Installment#5: THE WONDER OF BEING


"TUCO"--ENDANGERED SPECIES SERIES 22"x33" original Watercolor by Vera Dennen on display at EIGHTEENTH INTERNATIONAL EXHIBITION ON ANIMALS IN ART, Baton Rouge, LA, March 19 thru April 17, 2005.

I met a newfound friend last evening who was both thrilling and refreshingly calming at the same time. Not only was his ability to converse far above any standards I have found recently available face to face, but also with a depth and sheer variety of wisdom always difficult to find in any one person. During the course of the evening he mentioned his favorite quotation, which happened to be made by the late Abraham Heschel (1945 to 1972), Rabbi, Professor of Ethics and Mysticism, author (A Passion for Truth written during the last few months of his life, among many other books), peace Activists (marching with Dr. Martin Luther King), co-chairman of Clergy who spearheaded opposition to the Vietnam war, and voice of the times.
Indifference to the wonder of being is the root of all sin.”

Oh that Heschel were alive today! I wonder what his reaction to the Terri Schiavo case would have been, or what he would have said to the fact that man is rapidly forcing half of our planets animal species into extinction. Heschel would not have sat quietly by just letting this happen.

True, Abraham Heschel had the ear of Presidents, Senators, and people of power, while we, the masses have only ourselves and maybe the ear of one or two friends willing to put up with our soap box. Well I for one have realized that Art has been my Calling for a reason, and that reason is as a small voice, hopefully loudly spoken about the “richness and beauty of something outside of ourselves.” In other words, “the wonder of being.”

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  • 5/13/05

    Installment#4:THE COLOR OF GRAY-Set 2


    "WHITE TAILED DEER"--20"x28" original Watercolor Painting by Vera Dennen

    So almost a week has flown away, and with it my determination to blog at least three times a week. Have to admit right here and now that it never will happen!!!

    But I do want to continue my look into gray. An artist friend of mine, after recently reading Set 1 on gray, had this to say . . .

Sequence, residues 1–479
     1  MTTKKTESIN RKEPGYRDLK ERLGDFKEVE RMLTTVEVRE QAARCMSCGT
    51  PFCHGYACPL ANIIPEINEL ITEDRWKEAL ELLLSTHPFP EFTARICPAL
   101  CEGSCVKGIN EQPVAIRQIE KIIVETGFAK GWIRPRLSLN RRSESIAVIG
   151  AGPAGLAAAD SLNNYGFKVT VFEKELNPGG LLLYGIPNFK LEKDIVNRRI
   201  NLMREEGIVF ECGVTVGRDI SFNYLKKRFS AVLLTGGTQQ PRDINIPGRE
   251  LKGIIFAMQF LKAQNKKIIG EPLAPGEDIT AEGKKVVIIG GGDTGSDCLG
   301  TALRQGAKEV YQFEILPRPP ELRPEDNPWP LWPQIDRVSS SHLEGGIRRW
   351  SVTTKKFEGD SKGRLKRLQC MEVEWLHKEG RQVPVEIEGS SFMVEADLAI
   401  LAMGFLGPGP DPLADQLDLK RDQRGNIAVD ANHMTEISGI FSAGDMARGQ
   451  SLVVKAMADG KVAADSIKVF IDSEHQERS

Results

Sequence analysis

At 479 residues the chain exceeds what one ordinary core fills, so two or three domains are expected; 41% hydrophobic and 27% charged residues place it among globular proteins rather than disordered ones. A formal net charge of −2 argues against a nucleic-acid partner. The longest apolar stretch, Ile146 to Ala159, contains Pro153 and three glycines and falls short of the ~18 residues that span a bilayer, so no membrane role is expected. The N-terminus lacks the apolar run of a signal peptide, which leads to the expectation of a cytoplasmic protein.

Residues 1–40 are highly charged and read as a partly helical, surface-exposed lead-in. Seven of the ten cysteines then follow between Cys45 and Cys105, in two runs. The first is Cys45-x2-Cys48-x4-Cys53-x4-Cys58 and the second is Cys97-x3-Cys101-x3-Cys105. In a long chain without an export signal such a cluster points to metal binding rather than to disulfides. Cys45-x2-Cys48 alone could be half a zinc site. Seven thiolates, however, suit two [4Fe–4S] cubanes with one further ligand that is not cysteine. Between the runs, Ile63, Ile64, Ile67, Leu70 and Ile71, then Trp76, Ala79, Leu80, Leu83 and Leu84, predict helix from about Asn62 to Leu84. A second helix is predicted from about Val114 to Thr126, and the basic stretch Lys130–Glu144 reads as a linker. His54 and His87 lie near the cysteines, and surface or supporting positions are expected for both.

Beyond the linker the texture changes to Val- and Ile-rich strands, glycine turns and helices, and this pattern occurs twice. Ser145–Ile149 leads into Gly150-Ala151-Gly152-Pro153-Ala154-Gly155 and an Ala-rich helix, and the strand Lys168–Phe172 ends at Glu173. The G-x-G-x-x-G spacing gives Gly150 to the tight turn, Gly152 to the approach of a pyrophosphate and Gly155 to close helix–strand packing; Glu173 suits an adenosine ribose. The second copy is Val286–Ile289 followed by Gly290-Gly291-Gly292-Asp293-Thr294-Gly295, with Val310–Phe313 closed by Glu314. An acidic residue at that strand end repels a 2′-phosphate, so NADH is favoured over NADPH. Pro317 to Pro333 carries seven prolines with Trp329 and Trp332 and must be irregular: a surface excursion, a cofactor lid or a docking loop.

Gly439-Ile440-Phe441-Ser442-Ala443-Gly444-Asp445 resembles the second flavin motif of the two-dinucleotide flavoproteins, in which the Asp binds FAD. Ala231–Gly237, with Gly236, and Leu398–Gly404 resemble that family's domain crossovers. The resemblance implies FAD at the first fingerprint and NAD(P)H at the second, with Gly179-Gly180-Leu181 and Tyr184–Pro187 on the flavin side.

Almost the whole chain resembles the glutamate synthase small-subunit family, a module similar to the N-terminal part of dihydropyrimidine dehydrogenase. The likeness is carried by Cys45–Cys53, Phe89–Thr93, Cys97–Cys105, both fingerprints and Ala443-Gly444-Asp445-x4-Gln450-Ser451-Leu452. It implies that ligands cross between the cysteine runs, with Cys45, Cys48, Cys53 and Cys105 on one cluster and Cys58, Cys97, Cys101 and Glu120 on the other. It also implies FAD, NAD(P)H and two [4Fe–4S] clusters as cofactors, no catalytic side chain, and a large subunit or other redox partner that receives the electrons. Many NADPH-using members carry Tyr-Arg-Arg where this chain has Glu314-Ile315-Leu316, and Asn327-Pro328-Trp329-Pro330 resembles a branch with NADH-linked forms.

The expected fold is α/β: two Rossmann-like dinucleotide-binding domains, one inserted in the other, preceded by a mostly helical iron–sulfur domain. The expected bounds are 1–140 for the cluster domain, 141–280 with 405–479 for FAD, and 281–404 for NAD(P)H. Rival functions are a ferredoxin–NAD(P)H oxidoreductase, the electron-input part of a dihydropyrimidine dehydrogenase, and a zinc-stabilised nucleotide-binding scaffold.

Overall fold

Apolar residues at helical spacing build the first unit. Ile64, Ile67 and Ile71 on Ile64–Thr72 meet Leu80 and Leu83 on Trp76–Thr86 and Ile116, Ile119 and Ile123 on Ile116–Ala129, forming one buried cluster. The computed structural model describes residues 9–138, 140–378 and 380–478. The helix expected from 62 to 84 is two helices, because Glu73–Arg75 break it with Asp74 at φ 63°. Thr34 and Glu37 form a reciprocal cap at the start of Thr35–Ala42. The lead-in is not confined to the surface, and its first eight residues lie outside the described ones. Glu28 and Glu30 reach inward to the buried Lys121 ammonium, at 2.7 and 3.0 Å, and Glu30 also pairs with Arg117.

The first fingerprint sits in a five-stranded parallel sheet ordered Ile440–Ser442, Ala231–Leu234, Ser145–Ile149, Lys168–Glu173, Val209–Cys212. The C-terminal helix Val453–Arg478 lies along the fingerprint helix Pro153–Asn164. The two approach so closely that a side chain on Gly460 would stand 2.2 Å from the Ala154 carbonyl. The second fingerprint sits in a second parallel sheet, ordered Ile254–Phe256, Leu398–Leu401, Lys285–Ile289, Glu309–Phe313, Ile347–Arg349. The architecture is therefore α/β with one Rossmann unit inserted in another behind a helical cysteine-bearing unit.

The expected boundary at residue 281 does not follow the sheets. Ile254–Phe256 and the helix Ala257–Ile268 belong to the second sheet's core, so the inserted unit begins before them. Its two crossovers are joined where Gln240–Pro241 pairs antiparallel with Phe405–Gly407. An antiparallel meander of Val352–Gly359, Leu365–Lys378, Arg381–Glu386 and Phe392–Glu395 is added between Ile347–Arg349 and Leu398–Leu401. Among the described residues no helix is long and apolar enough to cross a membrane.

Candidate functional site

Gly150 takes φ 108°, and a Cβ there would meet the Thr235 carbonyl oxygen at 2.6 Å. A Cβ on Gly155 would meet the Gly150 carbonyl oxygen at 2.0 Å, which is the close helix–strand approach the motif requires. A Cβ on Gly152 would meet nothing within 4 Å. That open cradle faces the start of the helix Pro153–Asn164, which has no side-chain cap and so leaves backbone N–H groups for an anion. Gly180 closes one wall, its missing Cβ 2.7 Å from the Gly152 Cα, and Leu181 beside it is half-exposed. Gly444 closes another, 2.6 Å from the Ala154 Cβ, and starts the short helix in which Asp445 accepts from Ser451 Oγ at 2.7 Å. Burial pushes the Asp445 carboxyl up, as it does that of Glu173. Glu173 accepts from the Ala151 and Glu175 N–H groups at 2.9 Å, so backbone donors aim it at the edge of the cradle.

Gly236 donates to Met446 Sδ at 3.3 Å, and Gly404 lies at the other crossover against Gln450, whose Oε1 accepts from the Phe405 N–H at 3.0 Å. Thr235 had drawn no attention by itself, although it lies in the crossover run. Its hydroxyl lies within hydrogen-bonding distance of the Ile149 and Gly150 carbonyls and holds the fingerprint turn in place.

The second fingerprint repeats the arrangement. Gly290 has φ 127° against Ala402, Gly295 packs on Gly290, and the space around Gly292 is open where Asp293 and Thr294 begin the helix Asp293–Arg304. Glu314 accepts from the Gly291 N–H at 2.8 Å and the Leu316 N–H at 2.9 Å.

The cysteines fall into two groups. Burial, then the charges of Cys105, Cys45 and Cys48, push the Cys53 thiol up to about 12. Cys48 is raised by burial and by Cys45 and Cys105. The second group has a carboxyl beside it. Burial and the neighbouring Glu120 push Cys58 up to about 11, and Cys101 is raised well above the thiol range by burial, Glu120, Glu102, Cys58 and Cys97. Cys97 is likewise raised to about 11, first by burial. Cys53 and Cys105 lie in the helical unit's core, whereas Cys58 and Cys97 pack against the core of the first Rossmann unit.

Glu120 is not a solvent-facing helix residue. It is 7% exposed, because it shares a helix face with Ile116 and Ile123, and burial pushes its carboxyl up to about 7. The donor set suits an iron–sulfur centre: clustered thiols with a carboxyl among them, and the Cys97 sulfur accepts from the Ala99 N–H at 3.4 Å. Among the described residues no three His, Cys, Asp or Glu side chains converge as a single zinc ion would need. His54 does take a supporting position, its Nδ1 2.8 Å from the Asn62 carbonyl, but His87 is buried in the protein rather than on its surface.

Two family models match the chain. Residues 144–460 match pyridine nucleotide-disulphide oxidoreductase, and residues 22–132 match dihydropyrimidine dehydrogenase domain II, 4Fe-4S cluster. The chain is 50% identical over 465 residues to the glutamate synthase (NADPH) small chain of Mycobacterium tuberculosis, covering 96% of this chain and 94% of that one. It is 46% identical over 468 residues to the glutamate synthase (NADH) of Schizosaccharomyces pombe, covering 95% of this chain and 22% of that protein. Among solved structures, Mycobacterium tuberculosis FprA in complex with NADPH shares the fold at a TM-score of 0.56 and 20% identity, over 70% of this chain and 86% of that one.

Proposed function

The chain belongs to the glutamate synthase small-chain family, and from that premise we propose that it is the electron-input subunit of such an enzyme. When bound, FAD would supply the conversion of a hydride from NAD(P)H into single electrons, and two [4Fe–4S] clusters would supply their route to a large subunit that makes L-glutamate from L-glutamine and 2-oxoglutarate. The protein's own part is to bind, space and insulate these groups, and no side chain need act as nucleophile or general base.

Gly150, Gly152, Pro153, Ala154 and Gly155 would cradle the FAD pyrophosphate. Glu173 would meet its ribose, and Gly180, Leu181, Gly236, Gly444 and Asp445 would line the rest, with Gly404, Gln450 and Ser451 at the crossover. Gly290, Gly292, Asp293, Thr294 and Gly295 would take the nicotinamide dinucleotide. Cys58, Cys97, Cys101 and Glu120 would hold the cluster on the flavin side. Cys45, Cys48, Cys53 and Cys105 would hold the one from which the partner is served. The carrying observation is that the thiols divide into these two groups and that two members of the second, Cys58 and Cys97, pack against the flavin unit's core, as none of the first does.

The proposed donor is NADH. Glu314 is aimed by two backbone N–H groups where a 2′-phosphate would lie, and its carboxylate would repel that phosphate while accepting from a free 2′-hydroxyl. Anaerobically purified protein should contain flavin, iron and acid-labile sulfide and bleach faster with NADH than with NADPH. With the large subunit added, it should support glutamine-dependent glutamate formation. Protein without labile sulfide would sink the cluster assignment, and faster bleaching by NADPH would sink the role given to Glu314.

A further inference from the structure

“...I find I use grey more and more as I understand it better and I too used to avoid it! Ha! Maybe now with grey hair and everything else happening, we have made friends with the color!” I think she may have a point. And what is really so strange is that gray is no big mystery at all: mix any variation or intensity of the three primary colors and you will have produced some shade of gray. What took it so long to sink in?

    The nonstaining triad is one of my favorites. Aureolin, rose madder genuine, and cobalt blue can be combined in equal amounts of altering proportions of each. Grays made with these pigments will have a great transparent, luminous quality, perfect for glazes. You can create wonderful atmospheric effects in your paintings without creating a heavy background, or modify the intensity of an underlying color. Try adding a small amount of any fourth pigment with this transparent blend. For example, make your fourth addition a small amount of brighter pigment you plan to use in the painting--the mixture that would normally be discarded as muddy can now be used to accentuate that much brighter hue.

    Predictably, the mixing of the staining triad will work in reverse; Winsor yellow, Winsor red, and Winsor blue can also be mixed to make gray (along with any other combination of staining primary’s). These neutrals dry lighter and with less intensity than they would appear to have as wet pigment, so be careful when first becoming acquainted. They are wonderful for use as middle values, but tend to take over completely if used as a glaze. You can mix your own version of Payne’s Gray, Sepia, etc. with the staining triad, so be aware and do not plan to use this gray in any way you would not use a deeper toned premix.

    And finally, we come to opaque. Yellow, Indian Red, Cerulean Blue are some examples of the opaque triad that you might use, although there are certainly others. An opaque neutral, although being made-up of pigments I normally do not find beneficial, takes on a richness and consistency that is especially useful while a broad assortment of darks can be produced. I find myself mixing a batch of opaque gray for use in landscapes, animal fur, and places I will be adding short, quick brush stokes such as building rocks or rocky terrain. However, large areas of this triad can quickly be overdone, appearing muddy, or boring in scope.